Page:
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Brexit is happening today: What will that mean for Britain and the EU?

History is made today as the first country to ever exit the EU takes its leave.

Brexit will take effect a 11pm GMT tonight The EU told the country on Friday it cannot expect “the highest quality access to the single market” unless it adopts EU standards on the environment, workers’ rights, tax and state aid With Phase 1 soon to be complete, Brexit's transitionary Phase 2 will prove crucial to the nation moving forward

After a tug of war that has lasted three and a half years in Parliament, Brexit is finally happening tonight, at 11 pm GMT. The 31st of January will officially go down in history as the day a country left the European Union (EU) for the first time. 

The UK seems to know what it’s doing, confident of going it solo. Still, what will Brexit mean for Britain and the EU? 

Brexit? Not just yet

The British exit – or Brexit as it was referred to later – refers to Britain leaving the European Union after being a member since 1973. 

The European Union has held together 28 out of the 50 countries in Europe for decades, often sharing in one currency, mutual trade agreements and laws. Now, the the Union is up for a major shake-up. The specifics are still hazy, with a lot to be agreed on still. 

“While the UK has agreed the terms of its EU departure, both sides still need to decide what their future relationship will look like,” the BBC notes. “This will be worked out during the transition period (which some prefer to call the implementation period), which begins immediately after Brexit day and is due to end on 31 December 2020. “

Because of this transitional period, the UK will remain part of the EU for the next 11 months in all but name, while both parties race against the clock to hammer out new agreements regarding everything from trade, fishing rights, security and more.

“The UK might be leaving the EU, but as of 11:01 p.m., it will continue to obey all EU law and European courts,” CNN reports. “In the coming months, it will continue to pay into the EU budget and comply with any changes to EU law. That means that the only things that will change are largely symbolic. The UK will cease to have any meaningful representation in EU institutions and will no longer attend any meetings of EU leaders. So it will be obeying EU rules while having no say in EU policy. 

The EU plays it tough

Infographic by StatistaWhile it is easy to assume it’s simply the UK that will be severely impacted by the exit, the EU will too face its share of challenges. The mere idea of a member state exiting the Union remains a new concept, and a lot of mutual laws and agreements will need to be reworked to work with the now separatist state. Furthermore, a smooth Brexit transition could potentially encourage other Union nations to conisder leaving if things don’t turn their way. 

As for Britain, the EU told the country on Friday it cannot expect “the highest quality access to the single market” unless it adopts EU standards on the environment, workers’ rights, tax and state aid, Reuters reported.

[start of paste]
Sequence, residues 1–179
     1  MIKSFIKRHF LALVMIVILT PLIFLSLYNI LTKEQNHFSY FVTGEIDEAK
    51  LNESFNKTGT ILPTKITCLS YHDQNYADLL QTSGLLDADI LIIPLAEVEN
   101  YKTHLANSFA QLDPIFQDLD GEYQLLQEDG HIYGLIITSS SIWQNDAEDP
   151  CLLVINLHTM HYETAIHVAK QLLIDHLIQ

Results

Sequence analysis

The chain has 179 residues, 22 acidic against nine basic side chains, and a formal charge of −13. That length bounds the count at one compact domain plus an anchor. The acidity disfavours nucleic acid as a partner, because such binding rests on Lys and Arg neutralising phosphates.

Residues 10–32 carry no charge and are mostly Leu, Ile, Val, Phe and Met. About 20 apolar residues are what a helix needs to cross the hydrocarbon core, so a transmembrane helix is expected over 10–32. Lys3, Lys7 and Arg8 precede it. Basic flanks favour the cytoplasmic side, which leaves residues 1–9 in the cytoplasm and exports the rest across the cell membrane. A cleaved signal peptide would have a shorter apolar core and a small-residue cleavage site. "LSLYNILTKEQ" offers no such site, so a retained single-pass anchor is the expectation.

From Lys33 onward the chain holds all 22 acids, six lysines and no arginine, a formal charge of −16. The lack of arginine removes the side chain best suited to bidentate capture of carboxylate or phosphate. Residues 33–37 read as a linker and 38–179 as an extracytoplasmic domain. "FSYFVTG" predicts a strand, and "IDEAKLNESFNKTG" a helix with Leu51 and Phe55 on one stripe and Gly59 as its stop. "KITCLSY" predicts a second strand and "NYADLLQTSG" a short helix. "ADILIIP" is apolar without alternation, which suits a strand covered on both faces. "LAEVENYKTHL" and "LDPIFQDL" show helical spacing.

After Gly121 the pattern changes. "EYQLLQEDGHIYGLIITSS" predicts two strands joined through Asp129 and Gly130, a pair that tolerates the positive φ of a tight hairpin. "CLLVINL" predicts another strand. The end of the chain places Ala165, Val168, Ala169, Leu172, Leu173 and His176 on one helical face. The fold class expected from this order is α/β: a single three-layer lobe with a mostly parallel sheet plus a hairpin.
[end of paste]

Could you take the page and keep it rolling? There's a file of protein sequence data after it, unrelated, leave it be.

“Without being a member, you cannot retain the benefits of membership,” EU leaders said in an op-ed published by European media. “Without the free movement of people, there can be no free movement of capital, goods and services.”

EU leaders have kept a brave face on Brexit, less than 24 hours away from the split, saying the remaining 27 countries united can tackle climate change and technological transformation despite losing a member state for the first time, Reuters reported. 

“The challenges that Europe faces and the opportunities that it can grasp have not changed because of Brexit,” the head of the European Union’s executive, Ursula von der Leyen, told a news conference ahead of Britain’s departure, adding that the EU must focus on leading the way globally on tackling climate change, the digital revolution and migration, as per Reuters. 

As the UK enters its transitional period, the EU’s market ‘watchog’ will keep an eye on trade proceedings.

Chart by CNN

“In the coming 11 months, ESMA will continue monitoring the application of EU law to/in the UK and will closely monitor developments in preparation for the end of the transition period,” the European Securities and Markets Authority (ESMA) said in a statement on Friday, as per a report by Reuters.

Back in September of last year, the UN trade agency UNCTAD warned that leaving the EU without a trade deal would cost Britain at least $16 billion in lost exports, “representing an approximate 7% loss of overall UK exports to the EU,’ and would probably cost far more after indirect effects are taken into account. 

What’s next?British Prime Minister Boris JohnsonWith the first phase of Brexit concluding today, we enter Phase 2, the transition period, which could spell fortune or plight for Britain going forward.

There are 3 outcomes to this phase: 

  1. The 2 parties reach a trade deal, and the transition period succeeds smoothly
  2. Britain exits with no trade deal, which woud deal its economy a significant blow
  3. The transition period is extended to further work things out

British Prime Minister Boris Johnson has pledged to “get Brexit done” by 31 January 2020.

“While Mr [Boris] Johnson has pledged to “get Brexit done” by 31 January 2020, many more months of negotiation lie ahead,” the BBC reminded. The British Prime Minister certainly has his work cut out for him.